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20

I'm in the same situation as you are, I'm a college student on a budget. What you need to do is convince yourself that it's better to cook your own food. I accomplish this by tracking how much I spend on food at the grocery store each week, and comparing it to buying fast food. I've been doing this since Summer of 2010 and trust me, cooking yourself is a lot ...


19

If Belgian food is anything like the Dutch food my Oma made, your best bet is to limit it to the dessert course and strike out in a different direction. Even there, throwing in an extra pinch of salt and a little fresh ginger or cardamom powder may help liven it up for your friends. One area where you'll both be happy: Mediterranean/Middle-Eastern fare. ...


16

Depending on where you live, there is a pretty simple approach you can try. In the next few days, head out to places that specialize in particular kinds of foods and in making them appeal to you. A farmer's market, a butcher's, a cheese shop, a bakery, etc. Chat with the staff and buy whatever speaks to you in the store. When you come home, make whatever ...


13

I like Kryptic's suggestions, and would add: learn to make some very simple dishes that take say 5 ingredients, make good use of inexpensive grains and beans, and learn how to make simple stir-fries and other dishes that can easily be made for just 1 person. Example menus: White rice cooked with salsa, reheat a can of black or pinto beans, shredded cheese, ...


11

I'm english. I mitigate timing issues by warming a pyrex dish or just a plate by keeping it under the pan I am grilling the stuff in (or in the oven on very low usually with the door open), then putting the bits that are cooked in the pan to keep warm. Generally this is because I'm doing it for more than I can do on the grill in a single sitting though, ...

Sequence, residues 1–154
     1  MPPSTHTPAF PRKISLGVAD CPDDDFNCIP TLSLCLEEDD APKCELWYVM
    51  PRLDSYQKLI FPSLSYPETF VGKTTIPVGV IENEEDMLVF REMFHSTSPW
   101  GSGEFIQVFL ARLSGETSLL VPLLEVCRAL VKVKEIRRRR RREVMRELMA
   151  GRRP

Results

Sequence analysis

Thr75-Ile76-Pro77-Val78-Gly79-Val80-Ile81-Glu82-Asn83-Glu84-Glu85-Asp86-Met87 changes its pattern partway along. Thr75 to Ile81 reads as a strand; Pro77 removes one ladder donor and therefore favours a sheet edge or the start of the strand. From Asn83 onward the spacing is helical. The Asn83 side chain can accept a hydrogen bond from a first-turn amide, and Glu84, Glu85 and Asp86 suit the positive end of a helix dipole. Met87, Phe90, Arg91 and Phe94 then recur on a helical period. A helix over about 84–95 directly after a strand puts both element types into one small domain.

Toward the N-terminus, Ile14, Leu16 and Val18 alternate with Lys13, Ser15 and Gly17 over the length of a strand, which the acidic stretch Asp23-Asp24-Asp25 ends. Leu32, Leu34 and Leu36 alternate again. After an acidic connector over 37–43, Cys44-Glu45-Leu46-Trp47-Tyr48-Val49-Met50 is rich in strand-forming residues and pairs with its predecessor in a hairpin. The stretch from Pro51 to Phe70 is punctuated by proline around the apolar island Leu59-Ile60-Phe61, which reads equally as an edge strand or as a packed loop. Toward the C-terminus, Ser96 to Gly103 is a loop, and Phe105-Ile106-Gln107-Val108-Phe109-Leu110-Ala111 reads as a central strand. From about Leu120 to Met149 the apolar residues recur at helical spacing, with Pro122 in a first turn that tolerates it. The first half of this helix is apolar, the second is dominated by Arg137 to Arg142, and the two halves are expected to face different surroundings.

11

This may not be a perfect answer, since I'm Canadian - but our breakfast is pretty close to what you refer to as the English breakfast, minus the tomato. I think an "authentic" English breakfast is rather different, but that's another question entirely! If I understand correctly, you're hung up on two things, the first being timing and the second being ...


11

One of the things that we forget in the U.S. is that foods are seasonal -- if we didn't have food flown in from the southern hemisphere, we wouldn't have berries and most other fruits available year round. Learning to cook based on what's available isn't something that's typically taught, but I'd recommend the following: Learn different techniques, and ...


10

You can find recipes online for the following suggestions : One thing you can try is to give a shot to Indian Chinese cuisine. I'm sure everyone must have tried some cooking some Chinese at some point. Basically they use spices to tastefully to fire up a Chinese dish. They are pretty easy to dish out. Also you can try to mimic the Goan cuisine. Goa is a ...


9

Fundamentally, I see this as a problem with procrastination, not planning or personal finance. It's really not that hard to thumb through a recipe book and find a few recipes with common ingredients, or simply choose recipes where you know you can use all or almost all of the fresh ingredients at once. None of that is going to help you if you are waiting ...


9

This might not be an option for you, but if it is then it could be brilliant for you: Join a local farmer's co-op... We have one close to us: http://www.localharvest.org/black-hog-farm-M41490 The genius of Black Hog is that they drop the freshest ingredients of the season on your door and then you get to just be creative with them!


8

A friend of mine taught me a great camping recipe that's healthy, extremely easy to prepare, and can satisfy the very hungry. Put the following into an aluminum foil pouch (don't even need the cast iron!): Ground beef (or turkey, if you want to go leaner) Chopped up vegetables: Potatoes Carrots Onions If you want to get creative, throw in some leeks, ...


7

If you use only the breasts, you can use the rest to make a broth/stock hybrid using meat and bones. You can also roast the rest of the bird and shred the meat to save up to put in soups, pot pies, chicken salad, or with a one-pot pasta meal. Besides a standard roast, try butterflying (otherwise known as spatchcocking) your chicken. I do this regularly. ...


7

The basic principle of serving a dish at a time is called Russian Service by the French, who started using it in the early 1800s. The particular order of the dishes has changed with the times and with theories of how meals should be served. The book Arranging the Meal by Flandrin describes the history of these changing fashions. There has been a debate ...


7

I usually only "plan" for big parties, and even that planning is driven mostly by knowing what will be in season when I go shopping. For the average weeknight meal, I don't make shopping lists except to the extent that I know I'm missing something I want to have that evening. If you're an urban dweller, and a passable cook, you don't need to plan so much as ...


6